• 6. MDN  documentaGon  covers  standards  &  technologies  that  build  the  web:  HTML,  CSS,   Javascript.  Canvas.  SVG.  Mobile  &  HTML5  Apps.    We  also  write  developer-­‐centric   documentaGon  for  Mozilla  products.     MDN  scope  &  size:   •  2  million  users/month   •  35  languages   •  over  11k  documents  &  growing  all  the  Gme     5  paid  writers.         The  web  is  big  &  constantly  evolving,  Standards  are  updated.  There  is  a  lot  to   document.  More  work  than  5  people  can  possibly  do.  How  do  we  get  around  that?   5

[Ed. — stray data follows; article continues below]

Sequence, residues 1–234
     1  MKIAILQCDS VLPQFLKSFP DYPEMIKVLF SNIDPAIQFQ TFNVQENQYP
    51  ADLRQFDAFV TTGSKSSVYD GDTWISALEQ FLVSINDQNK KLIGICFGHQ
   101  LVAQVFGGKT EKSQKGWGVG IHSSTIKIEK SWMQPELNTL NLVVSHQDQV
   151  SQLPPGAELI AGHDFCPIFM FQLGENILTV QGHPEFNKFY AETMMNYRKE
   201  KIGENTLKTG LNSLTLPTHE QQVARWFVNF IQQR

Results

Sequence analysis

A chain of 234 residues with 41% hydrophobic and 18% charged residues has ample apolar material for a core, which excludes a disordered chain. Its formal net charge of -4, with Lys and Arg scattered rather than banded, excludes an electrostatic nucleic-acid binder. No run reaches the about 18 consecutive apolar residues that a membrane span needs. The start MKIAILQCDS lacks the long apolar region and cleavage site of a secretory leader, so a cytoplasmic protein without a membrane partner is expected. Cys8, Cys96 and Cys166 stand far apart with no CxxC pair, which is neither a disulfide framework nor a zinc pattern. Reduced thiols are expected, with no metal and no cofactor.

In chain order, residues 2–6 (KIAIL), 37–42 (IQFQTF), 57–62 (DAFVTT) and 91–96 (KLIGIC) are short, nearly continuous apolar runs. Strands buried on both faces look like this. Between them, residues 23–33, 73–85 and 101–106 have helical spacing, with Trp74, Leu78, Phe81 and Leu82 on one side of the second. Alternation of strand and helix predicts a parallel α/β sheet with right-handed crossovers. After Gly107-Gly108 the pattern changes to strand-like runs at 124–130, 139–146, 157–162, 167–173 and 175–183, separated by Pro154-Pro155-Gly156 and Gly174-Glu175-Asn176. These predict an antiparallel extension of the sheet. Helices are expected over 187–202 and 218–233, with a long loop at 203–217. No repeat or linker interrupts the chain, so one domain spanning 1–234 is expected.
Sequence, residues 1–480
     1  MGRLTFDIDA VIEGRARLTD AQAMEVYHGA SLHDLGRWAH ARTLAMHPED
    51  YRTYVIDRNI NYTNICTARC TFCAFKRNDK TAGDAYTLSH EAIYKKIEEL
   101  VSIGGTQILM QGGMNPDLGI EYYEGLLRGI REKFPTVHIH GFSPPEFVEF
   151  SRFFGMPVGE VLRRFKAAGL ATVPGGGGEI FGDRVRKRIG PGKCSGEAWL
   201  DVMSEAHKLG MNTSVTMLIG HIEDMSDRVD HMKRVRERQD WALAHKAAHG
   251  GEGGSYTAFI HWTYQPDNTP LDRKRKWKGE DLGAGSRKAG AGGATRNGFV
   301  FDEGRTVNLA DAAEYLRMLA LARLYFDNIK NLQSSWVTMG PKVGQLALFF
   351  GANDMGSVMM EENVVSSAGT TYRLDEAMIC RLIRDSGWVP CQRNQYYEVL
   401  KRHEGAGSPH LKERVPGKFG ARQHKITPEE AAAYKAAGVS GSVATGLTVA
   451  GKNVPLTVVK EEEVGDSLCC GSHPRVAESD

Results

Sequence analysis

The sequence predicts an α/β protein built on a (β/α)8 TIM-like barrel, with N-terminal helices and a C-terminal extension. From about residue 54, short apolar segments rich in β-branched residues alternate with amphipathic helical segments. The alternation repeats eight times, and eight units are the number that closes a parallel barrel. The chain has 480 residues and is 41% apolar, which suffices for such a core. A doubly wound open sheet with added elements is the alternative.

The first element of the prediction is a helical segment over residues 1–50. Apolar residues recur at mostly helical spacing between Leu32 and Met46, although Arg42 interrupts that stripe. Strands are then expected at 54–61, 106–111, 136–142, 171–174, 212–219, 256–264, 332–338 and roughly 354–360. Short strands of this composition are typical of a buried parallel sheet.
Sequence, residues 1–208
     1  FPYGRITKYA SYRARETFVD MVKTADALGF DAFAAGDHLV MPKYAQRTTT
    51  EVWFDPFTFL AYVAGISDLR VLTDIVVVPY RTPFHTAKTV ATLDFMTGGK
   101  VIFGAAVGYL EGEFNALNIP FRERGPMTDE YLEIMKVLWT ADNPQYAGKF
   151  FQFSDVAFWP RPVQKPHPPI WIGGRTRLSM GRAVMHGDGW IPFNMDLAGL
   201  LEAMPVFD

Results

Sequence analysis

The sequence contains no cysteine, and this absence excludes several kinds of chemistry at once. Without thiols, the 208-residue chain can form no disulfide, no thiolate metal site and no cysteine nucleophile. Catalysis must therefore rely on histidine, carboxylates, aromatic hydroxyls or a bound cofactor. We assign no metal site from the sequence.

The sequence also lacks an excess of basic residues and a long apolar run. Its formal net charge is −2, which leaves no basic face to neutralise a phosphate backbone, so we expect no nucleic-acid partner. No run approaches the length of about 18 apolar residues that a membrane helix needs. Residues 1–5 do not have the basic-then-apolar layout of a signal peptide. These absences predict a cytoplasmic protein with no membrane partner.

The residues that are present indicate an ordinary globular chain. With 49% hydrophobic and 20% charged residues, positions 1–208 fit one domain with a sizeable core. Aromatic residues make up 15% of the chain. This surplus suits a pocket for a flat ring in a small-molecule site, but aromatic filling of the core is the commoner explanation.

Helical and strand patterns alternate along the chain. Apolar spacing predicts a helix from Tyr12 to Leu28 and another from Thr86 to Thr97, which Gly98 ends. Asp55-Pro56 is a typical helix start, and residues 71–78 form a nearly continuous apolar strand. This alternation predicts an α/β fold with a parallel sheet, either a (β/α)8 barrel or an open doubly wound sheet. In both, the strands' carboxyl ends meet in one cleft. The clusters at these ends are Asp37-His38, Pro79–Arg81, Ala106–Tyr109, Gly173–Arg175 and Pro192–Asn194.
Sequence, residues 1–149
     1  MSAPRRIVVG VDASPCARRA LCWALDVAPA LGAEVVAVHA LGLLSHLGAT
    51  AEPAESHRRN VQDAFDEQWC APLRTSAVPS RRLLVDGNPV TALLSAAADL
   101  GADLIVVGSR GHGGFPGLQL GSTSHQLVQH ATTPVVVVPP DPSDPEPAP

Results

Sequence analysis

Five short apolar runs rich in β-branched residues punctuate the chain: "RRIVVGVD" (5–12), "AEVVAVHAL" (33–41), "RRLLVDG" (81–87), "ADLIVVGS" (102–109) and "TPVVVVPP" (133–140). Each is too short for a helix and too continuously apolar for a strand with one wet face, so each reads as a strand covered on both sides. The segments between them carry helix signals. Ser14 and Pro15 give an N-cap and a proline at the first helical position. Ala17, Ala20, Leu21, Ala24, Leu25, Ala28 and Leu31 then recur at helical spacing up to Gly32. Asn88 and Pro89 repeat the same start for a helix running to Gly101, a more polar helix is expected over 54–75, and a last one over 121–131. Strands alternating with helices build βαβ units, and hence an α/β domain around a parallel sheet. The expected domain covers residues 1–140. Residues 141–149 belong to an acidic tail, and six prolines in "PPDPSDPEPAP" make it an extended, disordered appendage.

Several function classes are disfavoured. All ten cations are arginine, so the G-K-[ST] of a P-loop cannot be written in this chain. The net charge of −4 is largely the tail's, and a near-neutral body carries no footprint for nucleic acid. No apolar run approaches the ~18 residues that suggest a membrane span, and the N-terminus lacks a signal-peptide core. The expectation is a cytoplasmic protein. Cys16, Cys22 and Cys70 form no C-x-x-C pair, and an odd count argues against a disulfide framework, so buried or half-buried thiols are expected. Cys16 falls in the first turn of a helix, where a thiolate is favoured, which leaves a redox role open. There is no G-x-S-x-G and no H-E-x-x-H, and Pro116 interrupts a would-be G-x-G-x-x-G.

• 7. We  have  an  awesome  community  who  do  amazing  things.  Our  community  consists  of   people  who  love  the  web  and  feel  passionately  that  keeping  it  open  and  accessible  to   all  is  important.         On  MDN,  community  enables  us  to  “punch  above  our  weight”   •  5  paid  writers,  plus  1  community  manager,  plus  1  manager   •  2-­‐3  part-­‐Gme  paid  contractors   •  225  core  volunteers  (contribute  weekly  over  the  course  of  several  months)   •  600+  acGve  contributors  (at  least  one  in  a  month)   •  1,500  occasional  contributors  (monthly)   •  5k  registered  users  (have  made  one  edit)   •  2m  users,  who  I  hope  will  eventually  join  and  share  their  experGse.       What  does  the  community  do?   Write,  edit,  localize,  tag  content.  Technical  and  editorial  reviews.  Contribute  code  to   our  proprietary  wiki  plaeorm.    Upload  demos  and  code  samples.  Speak  about  Mozilla   at  events.  Hold  MDN  events  for  developers  –  documentaGon  and  localizaGon  sprints.   Help  us  be  more  accessible.         Just  as  –  or  more-­‐  importantly,  thye  provide  diversity  and  different  perspecGves.   6